In March of 2006, I got a chance to attend an early screening of the first episodes of the sixth season of “The Sopranos”, presented by one of the writers on the show. I had some trepidation, since I hadn’t enjoyed the fifth season at all. Like so many recent near-masterpieces on TV (“Lost” and “Battlestar Galactica” would follow similar patterns), “The Sopranos” had burst out of the gate with two amazing seasons, followed by an ambitious but not-entirely successful third season, then a sharply diminished fourth season. It was in the fifth season, however, that this show had gone seriously off the rails.
In the early days, it had seemed clear that this was a show about the unraveling of the Soprano family, and the mob in general. In real life, the FBI was breaking the back of the Sicilian mafia in America and the sense of that impending doom gave the show its weight and heft. But as the show went on, the chance of an arrest seemed to recede away into the fog, along with many of Tony’s other problems. As I pointed out before, a show that had promised change kept reverting back to immutability. Tony proved to be unable to adapt or fail. Perhaps that was the point, but the show had begun with his visit to a therapist, and returned over and over again to that setting. If you don’t want your hero to change, that’s an odd place to set your show, it seemed to me.
The fifth season had exacerbated all these problems. It started out with promise: Carmela had finally left Tony, and he took on a bunch of new lieutenants (like Steve Buscemi and Robert Loggia) who were clearly going to wreck things. Would Tony finally face a real crisis? No, Tony spent a lot of the season asleep, literally, as we indulged more and more of his dream sequences. The 11th episode was usually when the season-long plots kicked into high gear, so I was anxiously awaiting some plot movement when that episode arrived. Instead, Tony fell asleep five minutes in, and we got our first all-dream episode. The season soon limped to a finish. The lieutenants all killed each other off and Carmela reluctantly accepted Tony back, resetting the show to zero. Why did Carmela take him back? Because she realized that he was not unlike the bear who had been foraging in her back yard all season, and one must learn to accept bears, or something like that.
When I went to the preview screening of the first three episodes of season six, I was disappointed to see that the show was burrowing further down that rabbit hole. Tony spent most of those three episodes in bed, and the third was another all-dream episode: literally a snoozefest.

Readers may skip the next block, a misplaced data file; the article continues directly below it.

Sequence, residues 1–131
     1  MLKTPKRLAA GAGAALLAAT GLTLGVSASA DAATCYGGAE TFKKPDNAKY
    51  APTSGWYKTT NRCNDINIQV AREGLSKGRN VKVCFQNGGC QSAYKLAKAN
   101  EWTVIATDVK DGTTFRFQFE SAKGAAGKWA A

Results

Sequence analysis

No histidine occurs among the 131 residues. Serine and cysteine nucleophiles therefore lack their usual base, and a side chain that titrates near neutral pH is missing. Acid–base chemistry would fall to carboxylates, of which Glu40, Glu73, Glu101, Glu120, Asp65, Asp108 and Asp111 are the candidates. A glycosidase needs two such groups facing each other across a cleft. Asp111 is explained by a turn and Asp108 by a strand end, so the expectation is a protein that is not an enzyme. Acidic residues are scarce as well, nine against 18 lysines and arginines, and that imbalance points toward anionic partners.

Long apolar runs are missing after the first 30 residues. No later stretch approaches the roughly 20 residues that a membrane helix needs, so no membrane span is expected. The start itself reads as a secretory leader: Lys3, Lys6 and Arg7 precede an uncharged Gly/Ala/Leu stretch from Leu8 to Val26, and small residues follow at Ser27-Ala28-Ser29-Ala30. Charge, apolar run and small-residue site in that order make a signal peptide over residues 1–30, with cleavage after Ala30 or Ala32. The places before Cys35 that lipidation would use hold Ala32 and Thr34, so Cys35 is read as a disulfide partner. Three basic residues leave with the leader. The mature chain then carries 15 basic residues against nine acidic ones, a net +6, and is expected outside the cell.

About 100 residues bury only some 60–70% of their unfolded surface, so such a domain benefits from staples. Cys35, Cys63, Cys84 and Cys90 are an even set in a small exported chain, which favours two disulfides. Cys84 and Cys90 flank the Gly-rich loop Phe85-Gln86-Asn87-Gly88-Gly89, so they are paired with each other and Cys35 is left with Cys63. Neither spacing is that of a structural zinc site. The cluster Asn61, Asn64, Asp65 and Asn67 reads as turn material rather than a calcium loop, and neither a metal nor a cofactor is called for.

As for our host, I had been disappointed to hear that it would not be David Chase, the creator and showrunner, but rather another member of the writing staff. I had never heard of this guy, but I asked around and heard rumors that Chase had basically handed him the reins of the show. This writer had brought HBO a brilliant but unproduceable pilot script of his own. Rather than make it, they put him on “The Sopranos” and his vision had transformed the show. Uh-oh. Was this guy the problem?
Sure enough, the writer quickly confirmed that he had come on board in season four and pushed the show in a new direction. The show, like Tony’s old-fashioned Freudian therapist, had been trying to fix Tony. But this new writer had never liked Freudian therapy. He preferred the Jungian model. Jung thought that we shouldn’t go to therapy to fix ourselves, because we aren’t really sick. The purpose of therapy should be to get to know ourselves better. Like Freud, he loved the interpretation of dreams, but rather than use them to identify neuroses, he believed we should use them to embrace our animal self. This new writer was claiming responsibility for everything I disliked about the fifth season, and he had gotten even more control over the sixth. I gave up.
But… as much as I disagreed with his take on “The Sopranos”, I had to admit that he was one of the smartest writers I had ever heard speak. It was actually an amazing evening and I learned a lot.
A year later, after “The Sopranos” ended, another network, out of desperation, decided that take a chance and greenlight the writer’s famously unproduceable pilot script. Naturally, no matter how much I liked the guy in person, I assumed that I would hate his new show. I liked Freud. I liked fixing people. I didn’t want to watch some navel-gazing Jungian idyll in which the characters reconfirmed their sense of self every week. Well, as you may have guessed, the writer was Matthew Weiner, and the new show was “Mad Men”. I gave it a shot and quickly decided that this was the best show American TV had ever produced.
“The Sopranos” had promised change and then yanked it away when Weiner highjacked the Freudian journey and parked it on a Jungian treadmill. “Mad Men” was a different beast entirely. Once Weiner was playing in his own sandbox, he was able to create a world in which no big payoff was necessary. Tony Soprano’s world seemed destined to unravel, and when he stitched it back together every year, it felt more and more like a cop out each time. His attempts to change should have led him to either triumph or tragedy, but instead he just drifted away. Don Draper, on the other hand, is trying not to change, and he’s on the wrong side of history. His outlook and his world are inherently doomed. For Don, just getting to know himself is tragedy enough.
So what does this have to do with the Hero Project? Tomorrow we’ll bring this unit to its epic conclusion as I ask the question, what sort of journey is Luke Skywalker really on?